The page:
Kentucky GOP lawmakers file resolutions to explore breaking up JCPS
As promised, a group of state GOP lawmakers filed a resolution to create a task force on JCPS. Its main area of study: what it would look like to break up the district of 95,000 students.
Republican state House and Senate lawmakers representing parts of Louisville filed a measure Monday that could lay the groundwork for splitting up Jefferson County Public Schools.
The group would review JCPS’ effectiveness and governance structure, and make recommendations for possible changes.
Louisville Republican Rep. Ken Fleming, who is co-sponsoring the legislation, said when talking to constituents he heard a “systemic theme… that something needs to be changed.”
During a news conference Monday, Fleming and other Republican supporters pointed to JCPS’ test scores, student behavior issues and transportation woes as evidence the state’s largest district is in need of study.
“Many of the students and staff have lost hours of learning and teaching opportunities due to continued transportation issues,” Republican Sen. Lindsey Tichenor of Smithfield said. Tichenor’s district includes a portion of JCPS.
The same group of Republicans co-sponsoring the resolutions also signed a letter in August after JCPS’ transportation meltdown saying they planned to take legislative action this session to explore splitting up JCPS.
Meanwhile, Louisville Democratic Sen. Gerald Neal said he’s worried his Republican colleagues may have a “preconceived notion” to divide the district.
“I think it's important for us not to make it rich on one side and poor on one side, and have part of the community struggling in that particular regard,” Neal said.
Jefferson County Public Schools was created in 1975 when a federal judge ordered the county and city school systems to merge and integrate racially. Jefferson County remains heavily racially and economically segregated to this day.
In the proposed resolution, lawmakers say the task force would seek expert opinions and research from “education-focused institutions,” including the Prichard Committee, the Council on Postsecondary Education and national educational research organizations.
The group would meet twice a month over the legislative interim to hear testimony from parents, educators and other community members, and review past audits and analysis.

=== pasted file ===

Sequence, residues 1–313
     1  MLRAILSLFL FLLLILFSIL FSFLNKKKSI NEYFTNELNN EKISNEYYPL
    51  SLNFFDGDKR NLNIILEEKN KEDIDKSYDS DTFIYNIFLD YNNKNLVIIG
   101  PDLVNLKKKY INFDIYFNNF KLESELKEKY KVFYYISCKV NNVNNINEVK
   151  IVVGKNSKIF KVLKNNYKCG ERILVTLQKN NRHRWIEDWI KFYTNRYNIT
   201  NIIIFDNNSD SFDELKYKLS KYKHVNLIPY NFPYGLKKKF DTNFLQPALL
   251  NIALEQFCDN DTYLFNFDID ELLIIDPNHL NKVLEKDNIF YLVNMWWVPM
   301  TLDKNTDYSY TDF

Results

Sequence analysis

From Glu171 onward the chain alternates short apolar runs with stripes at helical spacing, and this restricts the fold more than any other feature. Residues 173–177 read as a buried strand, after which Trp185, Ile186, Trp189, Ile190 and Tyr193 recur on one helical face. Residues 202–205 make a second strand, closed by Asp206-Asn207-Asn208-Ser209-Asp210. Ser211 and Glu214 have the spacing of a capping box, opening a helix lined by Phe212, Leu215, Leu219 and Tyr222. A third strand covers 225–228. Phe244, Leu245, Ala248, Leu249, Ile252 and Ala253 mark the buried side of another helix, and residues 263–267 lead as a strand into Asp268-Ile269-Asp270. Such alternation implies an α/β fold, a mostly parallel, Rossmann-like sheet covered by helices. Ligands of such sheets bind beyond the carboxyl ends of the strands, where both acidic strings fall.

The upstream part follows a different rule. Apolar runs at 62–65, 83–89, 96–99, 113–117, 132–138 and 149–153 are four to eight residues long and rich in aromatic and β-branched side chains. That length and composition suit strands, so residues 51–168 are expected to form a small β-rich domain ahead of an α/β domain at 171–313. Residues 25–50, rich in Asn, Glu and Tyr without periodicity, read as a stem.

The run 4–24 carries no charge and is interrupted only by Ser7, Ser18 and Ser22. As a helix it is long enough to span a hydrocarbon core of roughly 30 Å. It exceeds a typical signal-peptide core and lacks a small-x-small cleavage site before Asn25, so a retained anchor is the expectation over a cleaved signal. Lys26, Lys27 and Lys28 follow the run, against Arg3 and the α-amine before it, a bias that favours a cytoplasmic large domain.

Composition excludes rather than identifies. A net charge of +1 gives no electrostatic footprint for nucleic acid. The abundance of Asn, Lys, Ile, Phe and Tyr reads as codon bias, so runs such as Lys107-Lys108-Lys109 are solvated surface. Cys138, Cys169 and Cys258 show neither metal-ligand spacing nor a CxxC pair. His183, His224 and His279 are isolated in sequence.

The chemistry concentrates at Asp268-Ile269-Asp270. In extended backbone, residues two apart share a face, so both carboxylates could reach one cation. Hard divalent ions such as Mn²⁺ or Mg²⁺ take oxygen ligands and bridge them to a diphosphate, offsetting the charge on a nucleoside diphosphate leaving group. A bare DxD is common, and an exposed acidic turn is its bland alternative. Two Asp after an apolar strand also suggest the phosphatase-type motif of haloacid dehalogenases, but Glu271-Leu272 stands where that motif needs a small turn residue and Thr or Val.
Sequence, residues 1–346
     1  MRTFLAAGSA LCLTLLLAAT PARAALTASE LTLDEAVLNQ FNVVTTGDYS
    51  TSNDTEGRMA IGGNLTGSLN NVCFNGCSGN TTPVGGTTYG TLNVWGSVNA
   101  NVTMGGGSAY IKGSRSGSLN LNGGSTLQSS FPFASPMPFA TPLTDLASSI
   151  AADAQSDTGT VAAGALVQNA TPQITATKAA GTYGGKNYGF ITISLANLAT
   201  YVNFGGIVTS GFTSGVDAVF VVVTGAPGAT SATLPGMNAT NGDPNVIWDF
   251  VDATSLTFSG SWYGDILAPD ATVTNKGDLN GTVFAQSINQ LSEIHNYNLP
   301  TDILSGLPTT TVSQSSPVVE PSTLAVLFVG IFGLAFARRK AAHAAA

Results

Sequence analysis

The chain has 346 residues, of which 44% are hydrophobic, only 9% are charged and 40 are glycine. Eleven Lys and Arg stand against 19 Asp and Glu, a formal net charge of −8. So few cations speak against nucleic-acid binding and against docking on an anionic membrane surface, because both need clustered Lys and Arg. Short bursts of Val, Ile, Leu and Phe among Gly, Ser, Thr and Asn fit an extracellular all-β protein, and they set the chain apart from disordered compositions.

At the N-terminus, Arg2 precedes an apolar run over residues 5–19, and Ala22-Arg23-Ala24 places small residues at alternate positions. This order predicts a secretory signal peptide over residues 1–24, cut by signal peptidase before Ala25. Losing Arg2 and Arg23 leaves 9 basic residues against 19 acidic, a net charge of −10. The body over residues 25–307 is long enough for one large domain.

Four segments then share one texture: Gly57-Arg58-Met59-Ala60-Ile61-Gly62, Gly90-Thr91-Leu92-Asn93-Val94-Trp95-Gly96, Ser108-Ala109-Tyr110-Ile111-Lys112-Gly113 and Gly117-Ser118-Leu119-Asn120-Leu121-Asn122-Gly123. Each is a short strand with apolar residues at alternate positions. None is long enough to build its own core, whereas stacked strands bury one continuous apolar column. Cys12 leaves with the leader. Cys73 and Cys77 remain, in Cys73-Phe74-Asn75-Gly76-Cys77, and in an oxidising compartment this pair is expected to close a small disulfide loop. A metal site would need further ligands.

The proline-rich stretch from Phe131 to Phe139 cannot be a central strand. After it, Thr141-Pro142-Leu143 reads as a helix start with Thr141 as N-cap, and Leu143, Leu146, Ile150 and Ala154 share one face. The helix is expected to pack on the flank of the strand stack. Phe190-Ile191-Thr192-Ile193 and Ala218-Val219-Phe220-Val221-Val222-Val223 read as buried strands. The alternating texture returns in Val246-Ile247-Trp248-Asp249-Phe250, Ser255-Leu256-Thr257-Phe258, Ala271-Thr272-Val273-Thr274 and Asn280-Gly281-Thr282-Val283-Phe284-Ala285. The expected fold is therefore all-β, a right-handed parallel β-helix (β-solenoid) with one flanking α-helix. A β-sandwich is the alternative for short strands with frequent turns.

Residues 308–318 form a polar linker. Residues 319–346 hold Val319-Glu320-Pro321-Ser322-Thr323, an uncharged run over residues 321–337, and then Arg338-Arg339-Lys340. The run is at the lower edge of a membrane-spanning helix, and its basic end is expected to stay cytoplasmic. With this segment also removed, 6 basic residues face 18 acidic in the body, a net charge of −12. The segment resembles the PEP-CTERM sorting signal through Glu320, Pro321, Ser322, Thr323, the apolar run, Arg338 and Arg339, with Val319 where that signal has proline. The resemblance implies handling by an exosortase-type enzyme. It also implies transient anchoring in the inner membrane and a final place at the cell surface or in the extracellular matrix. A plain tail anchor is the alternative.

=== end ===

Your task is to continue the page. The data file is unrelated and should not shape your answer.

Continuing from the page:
The task force would also be directed to “[e]xplore options for the creation of new school districts” by dividing JCPS. Recommendations would be due to the Legislative Research Commission by December 1.
“All options are on the table,” Fleming said. He added that the group is not coming to the project with “preconceived notions.”
Neal, the Louisville senator, was skeptical, saying he believed that desires for “structural change” are “underlying this whole thing.”
“I picked that up not only in public discussion but also private discussion, and that’s a concern for me,” Neal said.
In particular, Neal said he worries about how members of the task force would be selected.
“Anybody can end up at that table,” he said.
Fleming encouraged interested individuals to reach out to the Republican lawmakers sponsoring the resolution. The community task-force members will be selected by the Legislative Research Commission, Fleming said.
Fleming said he had a conversation with representatives from JCPS and described the interaction as “good” and “positive.”
In a statement, JCPS spokesperson Carolyn Callahan said the district is “fine with an objective, unbiased study of JCPS and how we might better serve students… However, this task force is obviously stacked in a way to come to a pre-ordained conclusion, that is, to split up JCPS.”
She said JCPS Superintendent Marty Pollio, “and anyone who truly understands education governance,” was not assigned to the proposed task force.
“[T]hat says it all,” Callahan wrote by email.
She also noted that the district has undergone numerous audits since 2017.
Here’s the full list of who would be on the Efficient and Effective School District Governance Task Force:
- Two state House representatives, appointed by the GOP speaker
- Two state Senate members, appointed by the president of the Senate, a Republican
- One House member appointed by the Democratic floor leader
- One senator appointed by the Democratic floor leader
- State Auditor Allison Ball or her designee
- Two JCPS taxpayers with “competency and experience of knowledge in the field of education” and who have children that are current JCPS students or who have graduated in the past five years
- Two members with experience in finance, management and operations of large businesses that operate in Kentucky
- One JCPS certified teacher with at least five years experience in the district
- Louisville Mayor Craig Greenberg or his designee